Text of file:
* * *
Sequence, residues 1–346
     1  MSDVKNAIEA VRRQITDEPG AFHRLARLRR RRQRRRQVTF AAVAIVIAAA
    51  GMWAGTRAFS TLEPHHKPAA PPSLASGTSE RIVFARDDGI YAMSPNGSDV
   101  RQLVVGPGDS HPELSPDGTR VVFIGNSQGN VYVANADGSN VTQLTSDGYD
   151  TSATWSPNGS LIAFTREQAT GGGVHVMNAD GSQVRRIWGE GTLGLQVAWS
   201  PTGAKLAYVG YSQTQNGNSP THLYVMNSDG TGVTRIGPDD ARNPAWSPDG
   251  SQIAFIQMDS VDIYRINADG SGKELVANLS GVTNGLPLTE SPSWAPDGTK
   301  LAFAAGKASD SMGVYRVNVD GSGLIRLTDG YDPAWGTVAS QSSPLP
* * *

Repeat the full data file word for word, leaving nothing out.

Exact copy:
Sequence, residues 1–346
     1  MSDVKNAIEA VRRQITDEPG AFHRLARLRR RRQRRRQVTF AAVAIVIAAA
    51  GMWAGTRAFS TLEPHHKPAA PPSLASGTSE RIVFARDDGI YAMSPNGSDV
   101  RQLVVGPGDS HPELSPDGTR VVFIGNSQGN VYVANADGSN VTQLTSDGYD
   151  TSATWSPNGS LIAFTREQAT GGGVHVMNAD GSQVRRIWGE GTLGLQVAWS
   201  PTGAKLAYVG YSQTQNGNSP THLYVMNSDG TGVTRIGPDD ARNPAWSPDG
   251  SQIAFIQMDS VDIYRINADG SGKELVANLS GVTNGLPLTE SPSWAPDGTK
   301  LAFAAGKASD SMGVYRVNVD GSGLIRLTDG YDPAWGTVAS QSSPLP